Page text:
An unpretentious punk'd up covers record...

There’s an age-old – if largely unfounded – argument that punk was a response to the sheer, unrelenting boredom of the mid 70s. In rejecting the moribund status quo, it seems, a generation decided to Do It Themselves, working from the very basics of rock ‘n’ roll to construct something new.

Now, that probably doesn’t work as a sociological treatise, but it acts as a neat sketch for Green Day singer Billie Joe Armstrong’s motivations behind this new covers record. A lockdown project designed to alleviate quarantine tedium, it also serves as a neat resume for some of his formative influences, throwing some deep cuts into the measure.

For the most part, it’s actually pretty entertaining. ‘No Fun Mondays’ is served without the bombast that has laboured over the past few Green Day records, opting for three chords, a snappy melody, and some playful teen angst lyrics. Kim Wilde’s ‘Kids In America’ is giving a rousing sing-along, while Wreckless Eric’s wonderful ‘Whole New World’ is performed with gusto.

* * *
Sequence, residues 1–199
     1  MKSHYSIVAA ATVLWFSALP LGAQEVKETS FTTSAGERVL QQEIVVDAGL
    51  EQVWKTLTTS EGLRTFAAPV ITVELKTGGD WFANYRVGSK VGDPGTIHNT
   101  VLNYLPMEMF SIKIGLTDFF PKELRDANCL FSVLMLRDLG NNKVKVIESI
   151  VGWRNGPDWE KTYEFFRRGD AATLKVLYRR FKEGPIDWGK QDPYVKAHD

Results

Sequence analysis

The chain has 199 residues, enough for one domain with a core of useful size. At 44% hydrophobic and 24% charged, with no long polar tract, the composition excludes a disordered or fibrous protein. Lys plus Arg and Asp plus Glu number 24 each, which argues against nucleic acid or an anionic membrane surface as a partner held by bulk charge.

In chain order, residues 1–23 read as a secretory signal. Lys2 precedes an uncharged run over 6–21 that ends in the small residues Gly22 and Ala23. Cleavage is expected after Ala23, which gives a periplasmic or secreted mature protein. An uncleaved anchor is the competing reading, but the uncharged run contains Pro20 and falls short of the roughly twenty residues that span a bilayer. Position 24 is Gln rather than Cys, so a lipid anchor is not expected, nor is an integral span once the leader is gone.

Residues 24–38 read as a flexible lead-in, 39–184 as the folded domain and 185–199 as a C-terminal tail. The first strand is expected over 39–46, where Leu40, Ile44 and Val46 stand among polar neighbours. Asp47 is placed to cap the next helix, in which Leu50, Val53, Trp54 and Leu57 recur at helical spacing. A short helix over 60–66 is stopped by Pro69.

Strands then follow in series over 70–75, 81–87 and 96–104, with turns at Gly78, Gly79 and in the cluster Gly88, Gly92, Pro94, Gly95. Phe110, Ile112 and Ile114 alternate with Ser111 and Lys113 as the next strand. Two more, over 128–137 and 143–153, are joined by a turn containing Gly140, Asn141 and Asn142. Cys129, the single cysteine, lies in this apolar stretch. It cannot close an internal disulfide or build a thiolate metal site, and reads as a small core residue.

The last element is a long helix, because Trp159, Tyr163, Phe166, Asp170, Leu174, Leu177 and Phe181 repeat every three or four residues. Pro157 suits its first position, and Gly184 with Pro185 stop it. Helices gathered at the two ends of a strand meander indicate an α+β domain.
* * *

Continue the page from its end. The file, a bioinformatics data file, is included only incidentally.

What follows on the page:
There’s a sweet take on power pop codex ‘I Think We’re Alone Now’ by The Rubinoos, while ‘Police On My Back’ - originally penned by Eddy Grant, no less – is a timely and astute pick. Indeed, there’s a rich Anglophile streak on the record, with Armstrong opting to cover everyone from Billy Bragg to late 70s cult heroes The Starjets.

It doesn’t always work, though. ‘You Can’t Put Your Arms Around A Memory’ is a stodgy version of the Johnny Thunders war horse, his cover of ‘Manic Monday’ is simply surreal, and the punk’d up ‘That Thing You Do!’ is a curious take on the Beatles-esque original.

That said, taken as a whole ‘No Fun Mondays’ is a real blast. Music crafted for the unpretentious love of making music, it serves as a reminder that Billie Joe Armstrong’s fusion of punk and pop has always come from a profoundly genuine place.


Words: Robin Murray

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